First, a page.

Fremont has made its first arrest related to an ordinance requiring renters to obtain a license and swear they have legal permission to live in the country.

The arrest involved a protester — a Washington state man who grew up in Nebraska and was arrested Friday on suspicion of trespassing when he refused to leave Fremont's city offices after they closed. Otherwise, local officials say the process has been going smoothly.

Fremont Police Chief Jeff Elliott said more than 200 rental licenses have been issued to people who applied and paid the $5 fee since the city started the process on April 10.

"We have not experienced any particular problems that I'm aware of," Elliott said.

Only applicants who say they aren't U.S. citizens are investigated. Elliott said fewer than 10 of the applications warranted that follow up by checking with a federal database.

Fremont's effort to restrict illegal immigration has attracted national attention because the city of about 26,000 people is one of only a handful of cities that have tried to tackle the issue.

Critics argue that Fremont's rules are ineffective and have hurt the city's image, but voters have backed the ordinance twice — in 2010 and in February.

Lyle George said he was bothered by Fremont's ordinance from afar because he believes it is discriminatory and hurts Nebraska's reputation. So the 57-year-old Seattle resident staged a one-man protest while he was in the area visiting family.

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"I'm trying to shine a bright light on this situation. I don't think this is a valid law," said George, who plans to fight the trespassing charge.

Civil rights groups challenged the rules in court, but a federal appeals court upheld Fremont's ordinance last year and the U.S. Supreme Court declined to hear the case. Those groups and housing officials have held educational meetings for Fremont residents, and they promise to watch for any examples of discrimination.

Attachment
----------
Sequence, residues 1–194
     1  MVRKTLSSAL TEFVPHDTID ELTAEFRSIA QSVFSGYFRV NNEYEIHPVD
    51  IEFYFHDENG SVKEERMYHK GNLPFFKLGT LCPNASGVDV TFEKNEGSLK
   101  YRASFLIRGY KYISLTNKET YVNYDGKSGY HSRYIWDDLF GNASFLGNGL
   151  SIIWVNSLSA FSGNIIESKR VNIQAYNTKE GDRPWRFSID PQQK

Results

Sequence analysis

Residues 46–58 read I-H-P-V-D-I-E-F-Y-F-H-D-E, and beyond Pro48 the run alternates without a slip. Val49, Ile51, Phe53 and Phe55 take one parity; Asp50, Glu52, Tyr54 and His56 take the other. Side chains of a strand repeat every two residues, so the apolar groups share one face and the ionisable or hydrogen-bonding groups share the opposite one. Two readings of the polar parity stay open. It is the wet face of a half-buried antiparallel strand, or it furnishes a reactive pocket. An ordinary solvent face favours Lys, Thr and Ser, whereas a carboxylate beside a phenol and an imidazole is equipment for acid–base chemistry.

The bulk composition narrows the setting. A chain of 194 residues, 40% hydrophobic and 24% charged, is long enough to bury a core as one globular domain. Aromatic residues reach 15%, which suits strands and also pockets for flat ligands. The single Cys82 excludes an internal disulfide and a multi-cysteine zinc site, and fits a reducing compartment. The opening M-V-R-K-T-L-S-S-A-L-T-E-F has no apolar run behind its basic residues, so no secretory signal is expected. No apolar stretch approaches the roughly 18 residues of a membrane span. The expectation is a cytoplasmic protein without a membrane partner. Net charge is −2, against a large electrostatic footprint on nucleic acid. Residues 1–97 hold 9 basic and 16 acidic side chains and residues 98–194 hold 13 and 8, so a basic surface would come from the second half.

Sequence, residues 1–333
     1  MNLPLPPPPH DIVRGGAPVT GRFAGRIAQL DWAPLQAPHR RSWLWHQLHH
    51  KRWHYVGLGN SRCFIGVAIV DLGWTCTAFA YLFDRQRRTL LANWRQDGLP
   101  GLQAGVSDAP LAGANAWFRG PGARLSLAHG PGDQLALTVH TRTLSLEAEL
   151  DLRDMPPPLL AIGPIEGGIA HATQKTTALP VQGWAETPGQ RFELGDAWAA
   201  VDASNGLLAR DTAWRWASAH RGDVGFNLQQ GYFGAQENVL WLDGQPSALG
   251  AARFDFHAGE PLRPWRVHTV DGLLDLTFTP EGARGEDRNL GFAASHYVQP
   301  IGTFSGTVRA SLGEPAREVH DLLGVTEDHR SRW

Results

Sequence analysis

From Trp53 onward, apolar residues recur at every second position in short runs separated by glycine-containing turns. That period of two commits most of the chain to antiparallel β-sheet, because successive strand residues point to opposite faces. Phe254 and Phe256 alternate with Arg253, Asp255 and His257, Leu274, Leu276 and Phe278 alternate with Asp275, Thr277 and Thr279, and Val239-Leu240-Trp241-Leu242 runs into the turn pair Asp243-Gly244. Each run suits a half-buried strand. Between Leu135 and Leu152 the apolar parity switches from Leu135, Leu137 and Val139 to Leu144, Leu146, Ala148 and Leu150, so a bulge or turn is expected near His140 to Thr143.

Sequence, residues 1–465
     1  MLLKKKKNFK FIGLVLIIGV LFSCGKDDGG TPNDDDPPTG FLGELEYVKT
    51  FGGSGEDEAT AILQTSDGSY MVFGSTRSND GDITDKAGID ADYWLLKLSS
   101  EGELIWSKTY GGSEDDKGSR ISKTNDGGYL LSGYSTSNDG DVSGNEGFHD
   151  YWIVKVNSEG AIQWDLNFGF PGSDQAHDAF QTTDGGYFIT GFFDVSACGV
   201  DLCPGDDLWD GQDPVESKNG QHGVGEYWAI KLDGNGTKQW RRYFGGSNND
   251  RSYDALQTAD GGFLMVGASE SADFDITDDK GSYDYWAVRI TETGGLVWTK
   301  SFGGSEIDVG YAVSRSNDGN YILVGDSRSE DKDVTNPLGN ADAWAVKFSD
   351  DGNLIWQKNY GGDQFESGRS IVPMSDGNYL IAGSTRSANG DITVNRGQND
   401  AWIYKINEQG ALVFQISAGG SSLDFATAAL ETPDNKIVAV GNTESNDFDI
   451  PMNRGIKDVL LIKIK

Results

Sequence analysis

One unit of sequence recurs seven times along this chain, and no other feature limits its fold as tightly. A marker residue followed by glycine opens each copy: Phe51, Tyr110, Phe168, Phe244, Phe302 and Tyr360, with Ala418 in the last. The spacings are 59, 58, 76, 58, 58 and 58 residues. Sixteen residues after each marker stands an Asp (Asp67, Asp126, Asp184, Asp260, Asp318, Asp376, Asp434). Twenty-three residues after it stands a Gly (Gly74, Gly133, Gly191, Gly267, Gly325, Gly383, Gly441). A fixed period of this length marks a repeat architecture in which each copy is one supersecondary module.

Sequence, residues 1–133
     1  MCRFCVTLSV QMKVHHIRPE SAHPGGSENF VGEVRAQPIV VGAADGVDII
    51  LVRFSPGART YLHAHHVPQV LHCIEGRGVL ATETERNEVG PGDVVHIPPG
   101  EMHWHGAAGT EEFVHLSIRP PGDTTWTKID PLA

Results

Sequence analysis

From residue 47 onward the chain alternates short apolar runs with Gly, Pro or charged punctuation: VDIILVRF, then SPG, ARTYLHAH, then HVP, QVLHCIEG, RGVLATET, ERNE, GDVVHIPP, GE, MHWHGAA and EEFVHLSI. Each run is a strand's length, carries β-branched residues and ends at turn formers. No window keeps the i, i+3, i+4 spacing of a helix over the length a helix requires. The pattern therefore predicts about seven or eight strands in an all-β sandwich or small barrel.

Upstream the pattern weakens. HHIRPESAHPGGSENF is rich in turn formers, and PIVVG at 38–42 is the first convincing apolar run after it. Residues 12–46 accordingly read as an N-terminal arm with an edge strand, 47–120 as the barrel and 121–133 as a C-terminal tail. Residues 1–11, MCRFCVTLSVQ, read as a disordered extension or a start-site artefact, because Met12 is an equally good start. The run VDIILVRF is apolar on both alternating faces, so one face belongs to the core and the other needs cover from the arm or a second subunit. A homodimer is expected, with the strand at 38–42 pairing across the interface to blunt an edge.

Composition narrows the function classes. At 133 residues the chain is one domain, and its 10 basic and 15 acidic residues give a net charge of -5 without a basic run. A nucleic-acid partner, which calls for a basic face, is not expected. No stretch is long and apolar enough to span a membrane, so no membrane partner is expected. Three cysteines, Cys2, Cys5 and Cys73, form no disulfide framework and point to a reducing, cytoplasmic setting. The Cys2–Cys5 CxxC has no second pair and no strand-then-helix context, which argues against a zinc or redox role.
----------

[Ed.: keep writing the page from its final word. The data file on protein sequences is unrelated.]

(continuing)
Tyler Richard with the American Civil Liberties Union Nebraska said it's unlikely that a new lawsuit challenging the ordinance will be filed quickly because extensive evidence of discrimination will be needed.

It's hard to determine how many people might live in Fremont illegally. Census figures say the town is home to 1,150 noncitizens. That figure includes immigrants who do not have permission to be in the U.S., as well as lawful permanent residents, foreign students and refugees who are legally in the U.S.

Another section of Fremont's immigration ordinance that requires employers to use a federal online system to check whether prospective employees are permitted to work in the U.S. has been in place since 2012. Many larger employers, including the major meatpacking plants just outside Fremont, were already using that federal E-Verify system before the ordinance was adopted.


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